It is a pleasure to serve under your chairship, Sir David, and to have sat through the wide range of contributions to the debate—that is probably the only way I can describe them. Although I appreciate that this is a contentious issue, it is not a difficult one. The petition is about potential rights, but at the heart of the issue are children’s rights and, unfortunately, some of the speakers have forgotten that.
As far as I am aware, I am the only member of the LGBT community to speak in the debate. I am a lesbian, and I started primary school in Scotland during the year that section 28 came into force. This year, my four-and-a-half-year-old niece will start school in Scotland, during the first year that inclusive education is introduced. That is a source of great pride for me. However, as Stella Creasy mentioned —unfortunately she is no longer in her place—the kind of bullying that I and some of my friends and colleagues experienced, and that is still experienced in schools, happens because of a fundamental lack of education, understanding and tolerance. I absolutely respect the rights of religious communities and of parents, but if they want an inclusive society—each religious group wants to be not just tolerated, but accepted— surely the best way to do that is for our children to be properly educated in their schools about the range of families, religions and people in our society.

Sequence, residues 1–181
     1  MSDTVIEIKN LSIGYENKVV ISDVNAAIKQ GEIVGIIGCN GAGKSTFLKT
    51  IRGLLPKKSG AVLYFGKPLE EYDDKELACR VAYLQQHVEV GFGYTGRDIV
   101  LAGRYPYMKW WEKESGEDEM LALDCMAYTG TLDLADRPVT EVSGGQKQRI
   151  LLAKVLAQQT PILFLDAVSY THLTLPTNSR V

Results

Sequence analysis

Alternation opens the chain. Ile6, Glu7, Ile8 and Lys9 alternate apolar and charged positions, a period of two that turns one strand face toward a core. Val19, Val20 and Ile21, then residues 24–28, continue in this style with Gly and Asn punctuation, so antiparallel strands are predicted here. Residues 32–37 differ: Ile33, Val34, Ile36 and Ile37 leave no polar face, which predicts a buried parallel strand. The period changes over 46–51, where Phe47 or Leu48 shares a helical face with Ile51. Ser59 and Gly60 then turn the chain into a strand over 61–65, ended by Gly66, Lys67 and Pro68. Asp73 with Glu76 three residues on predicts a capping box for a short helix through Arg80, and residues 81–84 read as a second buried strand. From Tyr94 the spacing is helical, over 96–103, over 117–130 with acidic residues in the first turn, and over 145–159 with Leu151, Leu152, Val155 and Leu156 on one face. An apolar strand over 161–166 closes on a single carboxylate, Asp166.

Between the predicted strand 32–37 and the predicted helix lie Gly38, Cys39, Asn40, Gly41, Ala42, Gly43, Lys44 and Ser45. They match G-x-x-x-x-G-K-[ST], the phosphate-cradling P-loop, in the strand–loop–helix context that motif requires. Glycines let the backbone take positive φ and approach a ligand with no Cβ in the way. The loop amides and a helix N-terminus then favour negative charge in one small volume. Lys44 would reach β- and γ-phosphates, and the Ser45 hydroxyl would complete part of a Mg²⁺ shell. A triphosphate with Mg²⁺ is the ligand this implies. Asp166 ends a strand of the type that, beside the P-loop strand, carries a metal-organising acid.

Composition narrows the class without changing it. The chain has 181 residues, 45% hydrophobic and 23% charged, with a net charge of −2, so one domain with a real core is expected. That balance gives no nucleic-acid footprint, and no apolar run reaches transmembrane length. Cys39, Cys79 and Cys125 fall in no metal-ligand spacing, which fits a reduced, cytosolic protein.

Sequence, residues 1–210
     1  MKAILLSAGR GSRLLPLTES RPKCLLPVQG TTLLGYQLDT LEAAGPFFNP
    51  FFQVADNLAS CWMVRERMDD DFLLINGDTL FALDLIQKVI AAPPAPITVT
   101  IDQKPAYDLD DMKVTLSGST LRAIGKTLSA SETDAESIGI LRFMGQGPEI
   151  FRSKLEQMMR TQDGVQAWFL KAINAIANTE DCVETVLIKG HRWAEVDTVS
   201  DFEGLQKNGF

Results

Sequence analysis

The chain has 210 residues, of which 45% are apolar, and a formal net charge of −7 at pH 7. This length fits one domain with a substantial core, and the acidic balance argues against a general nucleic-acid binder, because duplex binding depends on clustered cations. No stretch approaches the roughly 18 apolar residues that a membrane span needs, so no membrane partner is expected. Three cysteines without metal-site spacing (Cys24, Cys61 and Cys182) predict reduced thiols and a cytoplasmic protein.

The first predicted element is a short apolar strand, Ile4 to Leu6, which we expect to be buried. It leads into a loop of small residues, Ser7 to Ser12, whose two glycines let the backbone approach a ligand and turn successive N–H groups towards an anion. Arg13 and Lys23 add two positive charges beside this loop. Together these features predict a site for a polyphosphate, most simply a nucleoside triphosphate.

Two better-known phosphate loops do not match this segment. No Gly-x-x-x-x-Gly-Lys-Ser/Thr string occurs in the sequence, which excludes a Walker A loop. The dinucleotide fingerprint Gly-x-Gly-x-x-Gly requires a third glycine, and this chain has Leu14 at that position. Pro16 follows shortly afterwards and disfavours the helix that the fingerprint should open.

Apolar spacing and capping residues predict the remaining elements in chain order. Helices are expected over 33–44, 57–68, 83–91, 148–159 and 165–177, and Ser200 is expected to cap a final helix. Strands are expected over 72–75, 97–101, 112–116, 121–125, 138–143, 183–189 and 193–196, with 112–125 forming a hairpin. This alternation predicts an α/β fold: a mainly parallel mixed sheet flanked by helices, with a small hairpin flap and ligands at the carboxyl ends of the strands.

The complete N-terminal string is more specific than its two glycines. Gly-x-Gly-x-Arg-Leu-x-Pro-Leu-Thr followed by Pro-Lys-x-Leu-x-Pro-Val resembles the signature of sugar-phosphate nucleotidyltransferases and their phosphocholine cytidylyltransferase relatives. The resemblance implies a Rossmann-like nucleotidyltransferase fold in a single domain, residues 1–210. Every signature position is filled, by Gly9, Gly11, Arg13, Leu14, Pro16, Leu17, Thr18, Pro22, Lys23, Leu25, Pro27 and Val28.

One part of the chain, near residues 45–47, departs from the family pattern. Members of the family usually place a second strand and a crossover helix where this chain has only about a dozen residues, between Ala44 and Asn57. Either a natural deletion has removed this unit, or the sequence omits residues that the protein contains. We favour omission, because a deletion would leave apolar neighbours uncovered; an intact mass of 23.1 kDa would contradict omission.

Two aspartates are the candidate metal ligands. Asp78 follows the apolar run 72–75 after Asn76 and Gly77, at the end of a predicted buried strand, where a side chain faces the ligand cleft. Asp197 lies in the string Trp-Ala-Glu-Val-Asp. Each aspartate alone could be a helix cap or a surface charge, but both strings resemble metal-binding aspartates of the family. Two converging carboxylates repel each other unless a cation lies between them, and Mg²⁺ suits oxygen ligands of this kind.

The issue is of course devolved and I take on board the points made by a number of hon. Members about the implementation and the stress and concern that that has caused in some communities. That is regrettable. None of us is perfect—no Government or party—but from a Scottish perspective, the majority of parents in Scotland want schools to teach RSE: 92% in 2016 according to an independent poll for the PSHE Association. I want to highlight that Scottish perspective.
As has been said, nearly half of LGBT pupils—45%—are bullied for being LGBT. I am sure that some hon. Members will be aware of the work of Laura Bates, the founder of the Everyday Sexism Project, and writer of many an excellent column and book, most recently “Misogynation”, which I would suggest all hon. Members add to their reading lists. In her work, she recalls how young women described it as normal to be groped or sexually assaulted while wearing their school uniforms, and the shock that she experienced about the level of misconception and myth surrounding ideas about sexual relationships among young people.
A number of hon. Members have made the point about tracking the number of children in each school who are being taken out of RSE, and having discussions with their parents about how and what they are teaching their children is a sensible idea. I understand that some parents will have concerns about that, but surely a responsible parent with nothing to hide who has taken their child out of RSE should have no concerns about whether or not a school wants to support them in that decision. So many vulnerable children are being taken out of RSE. Are they not the ones who need that education and support? That goes to the heart of the matter.